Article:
New Court Ruling Makes it Easier for Police to Track Your Cell Phone
A Fifth Circuit Court of Appeals ruling this week will make it easier for police to track your movements through your cell phone after the court decided police aren't required to obtain a search warrant to track you.
The case involved a 2010 law enforcement request to obtain 60 days of cell phone location records from two cell phone companies. The government wanted to identify which cell phone towers a particular phone number had connected to in order to place a suspect at the scene of a crime, and submitted a request under the Stored Communication Act ("SCA") for access. The magistrate judge denied the request, understanding that records revealing your daily movements could show where you worship, what your medical conditions might be, and what political issues might interest you, not to mention who your friends and family are. It therefore rightfully ordered the government to apply for a search warrant supported by probable cause before accessing this sensitive data.
Naturally unhappy with the magistrate's conclusion, the government appealed first to the district court, which agreed with the magistrate, and then to the Fifth Circuit. Since there was no opposing party (the suspect wasn't informed of the surveillance and no criminal case was filed) we stepped in with the ACLU and other organizations, filing an amicus brief and participating at oral argument (WMA), urging the court to uphold the lower court opinions and rule a search warrant is needed in order to access cell tracking data since the data reveals extensive information about where a person goes and who they associate with.
In a misguided 2-1 decision, the Fifth Circuit reversed the privacy-protective lower court opinions and instead ruled the government did not need a search warrant to access historical cell site records. That's because the court focused not on what the data revealed -- a person's location over an extended period of time -- but rather on who owned and generated that data: the cell phone providers. Since these records were owned and created by the phone providers, the user has no expectation of privacy in them and thus no search warrant was needed to access that data. The court did not address whether people have a reasonable expectation of privacy in their movements and made clear its decision only concerned obtaining historical cell site records when a user makes or ends a phone call. In a compelling dissenting opinion, Judge Dennis noted that the constitutional issues were tricky ones and given the Supreme Court's reluctance to weigh in on the interplay between the Fourth Amendment and new technologies, the SCA should and could be interpreted to require a search warrant before police can access location data from a cell phone provider.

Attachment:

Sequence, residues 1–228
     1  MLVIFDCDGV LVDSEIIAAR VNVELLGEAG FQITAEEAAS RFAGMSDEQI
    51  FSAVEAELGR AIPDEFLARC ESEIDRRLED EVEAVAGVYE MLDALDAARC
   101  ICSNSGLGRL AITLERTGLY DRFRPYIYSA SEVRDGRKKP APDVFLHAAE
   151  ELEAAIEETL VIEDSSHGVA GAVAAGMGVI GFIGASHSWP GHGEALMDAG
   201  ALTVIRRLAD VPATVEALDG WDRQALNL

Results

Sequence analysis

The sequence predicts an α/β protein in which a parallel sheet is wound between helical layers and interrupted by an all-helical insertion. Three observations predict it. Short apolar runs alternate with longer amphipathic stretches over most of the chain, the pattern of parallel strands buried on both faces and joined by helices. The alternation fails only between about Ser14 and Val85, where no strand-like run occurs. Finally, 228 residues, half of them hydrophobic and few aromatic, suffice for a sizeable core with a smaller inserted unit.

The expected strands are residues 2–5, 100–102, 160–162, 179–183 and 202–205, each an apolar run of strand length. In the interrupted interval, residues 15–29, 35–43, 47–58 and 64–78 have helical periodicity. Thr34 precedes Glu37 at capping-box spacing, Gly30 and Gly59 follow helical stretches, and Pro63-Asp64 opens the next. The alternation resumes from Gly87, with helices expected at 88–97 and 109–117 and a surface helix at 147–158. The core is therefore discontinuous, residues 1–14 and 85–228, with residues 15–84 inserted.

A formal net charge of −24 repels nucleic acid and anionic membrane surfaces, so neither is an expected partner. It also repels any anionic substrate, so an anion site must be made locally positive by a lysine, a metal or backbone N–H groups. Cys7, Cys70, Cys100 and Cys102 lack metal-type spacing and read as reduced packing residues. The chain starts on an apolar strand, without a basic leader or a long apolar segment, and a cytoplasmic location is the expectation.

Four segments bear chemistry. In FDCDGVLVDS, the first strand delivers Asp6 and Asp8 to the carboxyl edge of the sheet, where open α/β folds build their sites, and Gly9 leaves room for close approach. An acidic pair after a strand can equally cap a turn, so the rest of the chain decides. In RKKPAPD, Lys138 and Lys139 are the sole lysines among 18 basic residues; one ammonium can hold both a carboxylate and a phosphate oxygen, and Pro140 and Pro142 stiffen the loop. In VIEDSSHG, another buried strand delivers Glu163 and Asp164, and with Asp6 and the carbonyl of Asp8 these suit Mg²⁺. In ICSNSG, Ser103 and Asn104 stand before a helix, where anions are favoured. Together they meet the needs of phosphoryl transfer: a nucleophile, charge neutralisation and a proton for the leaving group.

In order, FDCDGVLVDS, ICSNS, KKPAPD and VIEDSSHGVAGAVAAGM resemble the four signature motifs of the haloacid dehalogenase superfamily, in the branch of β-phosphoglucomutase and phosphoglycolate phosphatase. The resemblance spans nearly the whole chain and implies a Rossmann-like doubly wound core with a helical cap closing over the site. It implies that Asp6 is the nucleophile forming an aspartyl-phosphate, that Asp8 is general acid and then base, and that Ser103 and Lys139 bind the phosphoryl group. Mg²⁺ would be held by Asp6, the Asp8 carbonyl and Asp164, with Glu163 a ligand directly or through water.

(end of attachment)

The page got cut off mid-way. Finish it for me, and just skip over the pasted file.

Throughout the majority opinion is the misguided belief that a user understands and voluntarily chooses to reveal their location to the cell phone provider and ultimately the government through the user's own free will. The court believed that your location is voluntarily turned over when the "user makes a choice to get a phone, to select a particular service provider, and to make a call." But common sense and experience calls this premise into question. Just last week the New Jersey Supreme Court ruled that police needed to get a warrant to track a person through their cell phone under under its state constitution. It noted a cell phone is "an indispensable part of modern life" and that "people buy cell phones to communicate with others, to use the Internet" but "no one buys a cell phone to share detailed information about their whereabouts with the police." While a cell phone user may naturally understand that they've given their location to the provider for a discrete and limited purpose -- to connect their phone call -- that is not the same as giving the government a detailed map of their movements. The New Jersey Supreme Court stated the "obvious" issue clearly: "cell phones are not meant to serve as tracking devices to locate their owners wherever they may be."
More generally the "third party doctrine" -- the idea you have no expectation of privacy in information turned over to third parties -- is dangerously eroding our Fourth Amendment protection at a time when cell phone companies and Internet service providers are stockpiling extensive personal information about all of us. Last year, Justice Sotomayor of the U.S. Supreme Court sounded the alarm in her concurring opinion in United States v. Jones writing the doctrine was "ill suited to the digital age, in which people reveal a great deal of information about themselves to third parties in the course of carrying out mundane tasks." But courts have been reluctant to follow Justice Sotomayor's cue in reexamining the doctrine. Its been up to state courts and legislatures to proactively protect people's location privacy while federal courts are reluctant to act, relying on the third party doctrine to reject a search warrant requirement for the data.
As more challenges to the constitutionality of cell site collection make their way through the federal courts, we hope judges will understand the only way to ensure our constitutional rights are protected is to find that the sensitive location information revealed by cell tracking deserves Fourth Amendment protection notwithstanding the fact the records are created and stored by cell phone providers.